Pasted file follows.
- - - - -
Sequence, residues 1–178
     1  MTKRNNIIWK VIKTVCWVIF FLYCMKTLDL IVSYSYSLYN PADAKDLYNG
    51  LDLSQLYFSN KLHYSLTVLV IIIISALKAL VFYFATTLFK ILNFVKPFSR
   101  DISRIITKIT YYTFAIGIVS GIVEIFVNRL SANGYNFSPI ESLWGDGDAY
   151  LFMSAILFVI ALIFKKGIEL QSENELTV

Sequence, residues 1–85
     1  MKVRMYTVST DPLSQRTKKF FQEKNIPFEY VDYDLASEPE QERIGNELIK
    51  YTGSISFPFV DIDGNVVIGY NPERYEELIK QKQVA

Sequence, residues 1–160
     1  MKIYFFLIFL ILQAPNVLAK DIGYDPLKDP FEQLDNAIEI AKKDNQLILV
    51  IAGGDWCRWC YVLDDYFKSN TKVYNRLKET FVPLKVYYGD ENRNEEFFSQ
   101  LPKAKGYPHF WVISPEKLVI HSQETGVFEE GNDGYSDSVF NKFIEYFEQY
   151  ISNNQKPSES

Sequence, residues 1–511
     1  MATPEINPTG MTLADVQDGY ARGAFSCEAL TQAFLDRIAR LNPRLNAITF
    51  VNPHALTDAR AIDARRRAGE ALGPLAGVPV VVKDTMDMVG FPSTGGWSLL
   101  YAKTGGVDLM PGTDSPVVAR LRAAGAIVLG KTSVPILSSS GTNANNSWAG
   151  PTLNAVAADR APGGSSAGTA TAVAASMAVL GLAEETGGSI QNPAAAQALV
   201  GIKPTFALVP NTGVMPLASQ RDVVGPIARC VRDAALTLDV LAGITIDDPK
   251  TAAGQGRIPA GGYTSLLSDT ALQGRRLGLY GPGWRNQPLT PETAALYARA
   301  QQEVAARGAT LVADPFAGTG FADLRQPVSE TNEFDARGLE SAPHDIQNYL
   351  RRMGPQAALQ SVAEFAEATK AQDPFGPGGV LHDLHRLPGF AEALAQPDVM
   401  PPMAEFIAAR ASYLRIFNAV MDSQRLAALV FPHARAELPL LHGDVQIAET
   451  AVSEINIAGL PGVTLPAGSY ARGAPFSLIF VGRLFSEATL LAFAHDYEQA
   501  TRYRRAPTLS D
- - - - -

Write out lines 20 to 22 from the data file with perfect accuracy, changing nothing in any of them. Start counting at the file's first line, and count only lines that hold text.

   251  TAAGQGRIPA GGYTSLLSDT ALQGRRLGLY GPGWRNQPLT PETAALYARA
   301  QQEVAARGAT LVADPFAGTG FADLRQPVSE TNEFDARGLE SAPHDIQNYL
   351  RRMGPQAALQ SVAEFAEATK AQDPFGPGGV LHDLHRLPGF AEALAQPDVM